To best utilize time at Tsinghua, don’t focus on the courses here. Using UW Madison as a standard, the coursework at Tsinghua doesn’t come to par. It’s the connections with the people in Beijing, in Tsinghua, that is important. Unfortunately, Tsinghua doesn’t make it easy for that to happen. You have to make it happen.
This is speaking from the stand point of a journalism and East Asian studies major. Speaking to other international students, I do believe students of engineering or environmental sciences major may actually get something out of the academics here.
Making a life integrated into Tsinghua is hard. Most of the international students are tucked away in the Northeast corner of campus. Student services are nonexistent. Communication platforms within the campus are difficult to find. Student organizations almost exclusively speak Chinese. Catered opportunities for foreigners to travel, work, and meet people outside of Tsinghua are more appealing.
Trying to connect with Chinese students and professors here is even harder. Specifically speaking about Tsinghua, many students are in rigorous engineering programs that require them to take 25 plus credits per semester. English is often not their specialty. Naturally, courses taught in English (A.K.A. for foreigners) are avoided. Many of the students here have been integrated into Tsinghua with a tight network for 5+ years. Professors are often overworked and underpaid. Making time for international students comes last.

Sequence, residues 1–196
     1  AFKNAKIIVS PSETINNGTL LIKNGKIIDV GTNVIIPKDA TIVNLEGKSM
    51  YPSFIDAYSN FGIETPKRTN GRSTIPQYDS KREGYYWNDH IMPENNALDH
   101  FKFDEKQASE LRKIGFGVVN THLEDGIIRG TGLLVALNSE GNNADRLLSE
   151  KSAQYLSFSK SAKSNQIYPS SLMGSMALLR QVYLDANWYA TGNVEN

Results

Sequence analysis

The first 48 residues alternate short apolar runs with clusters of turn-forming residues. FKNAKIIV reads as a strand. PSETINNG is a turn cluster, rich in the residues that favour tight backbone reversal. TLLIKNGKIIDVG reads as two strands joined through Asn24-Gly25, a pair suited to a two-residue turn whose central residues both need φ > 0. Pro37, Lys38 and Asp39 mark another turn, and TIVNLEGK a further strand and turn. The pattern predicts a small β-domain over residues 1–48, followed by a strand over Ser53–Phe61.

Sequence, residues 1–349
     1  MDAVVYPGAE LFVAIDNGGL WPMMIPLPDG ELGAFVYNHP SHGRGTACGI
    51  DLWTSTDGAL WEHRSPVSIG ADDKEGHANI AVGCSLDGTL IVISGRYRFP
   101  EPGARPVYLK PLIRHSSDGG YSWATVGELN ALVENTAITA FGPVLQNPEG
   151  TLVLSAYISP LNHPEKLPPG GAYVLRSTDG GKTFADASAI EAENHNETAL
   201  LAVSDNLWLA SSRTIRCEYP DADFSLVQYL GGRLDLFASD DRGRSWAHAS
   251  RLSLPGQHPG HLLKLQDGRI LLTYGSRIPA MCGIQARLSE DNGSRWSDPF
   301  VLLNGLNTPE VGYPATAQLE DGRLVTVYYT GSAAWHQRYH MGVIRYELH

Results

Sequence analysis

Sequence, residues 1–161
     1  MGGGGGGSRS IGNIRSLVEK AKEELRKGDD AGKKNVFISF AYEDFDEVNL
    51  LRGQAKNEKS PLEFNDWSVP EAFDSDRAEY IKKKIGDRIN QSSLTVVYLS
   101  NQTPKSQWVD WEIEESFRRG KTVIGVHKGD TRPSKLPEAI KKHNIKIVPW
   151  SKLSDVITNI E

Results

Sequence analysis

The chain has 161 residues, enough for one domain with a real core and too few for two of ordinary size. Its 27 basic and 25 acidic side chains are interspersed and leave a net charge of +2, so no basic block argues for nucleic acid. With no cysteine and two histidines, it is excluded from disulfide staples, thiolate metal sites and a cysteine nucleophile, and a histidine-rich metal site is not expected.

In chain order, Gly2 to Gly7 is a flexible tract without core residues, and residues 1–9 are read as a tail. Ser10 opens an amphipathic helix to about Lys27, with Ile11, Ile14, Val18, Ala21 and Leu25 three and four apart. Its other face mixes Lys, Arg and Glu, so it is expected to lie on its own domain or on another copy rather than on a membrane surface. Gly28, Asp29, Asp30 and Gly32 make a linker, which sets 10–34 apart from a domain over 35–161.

In other words, international students here are engineered to stay in a visitors’ bubble. It’s easy go through a semester in Beijing never connecting with the people here. But it’s those relationships that are, truly, most rewarding. I mean it in terms of personal growth and in terms of building a network for your future career.
A goal of mine in visiting Tsinghua was to get a scope into media in China. There isn’t an official platform for share ideas as a journalism student. But in my classes I do run into students that are planning to do research in mass communications. And outside of class, I reach out to UW alumni and friends of my professors to ask about their experience working in the field of journalism in China.
I actively ask my peers what it’s like to study mass communications in China in exchange for the academic theory and training I received from the U.S. I seek advice from the news professionals here to get a feel for the boundaries of journalism. Through our conversations, we created countless ideas for theses, research papers, and new ways to use different social media platforms, and introductions to job opportunities.
If Chinese isn’t your forte, and getting around Beijing feels difficult, it’s okay.
The students that are also on the study abroad programs at Tsinghua that often are fluent in English. The students here are making sense of the world. As an international student, you’re being submersed into a corner of the world where nations meet on friendly and open terms. Make sure to direct your time with them. Each individual person is a pocket full of a culture, ideas, habits, society of another nation. That is precious.
There are ample of opportunities in Tsinghua and Beijing, and they can be hard to get into unless you actively make them a part of your experience. With that regard, I do recommend people thinking to do this exchange program to break their perception of a normal study abroad experience, and actively search for opportunities in the city and with your peers.
Ask someone about the start-up scene in their home country. Ask someone about their education system. Ask someone about their day to day life. Ask someone about their career goals. Ask someone about their family. These sort of questions may seems obvious, but it’s about actively thinking about how to push them into a plan that shape some of the most innovative and creative ideas.
Study abroad doesn’t have to be just a study abroad experience. With a little effort, it can become a future career, a new company, or the start of lifelong friendship. More often than not, in Beijing, a cup of coffee with a new acquaintance has more value than a two hour lecture on Tsinghua’s campus.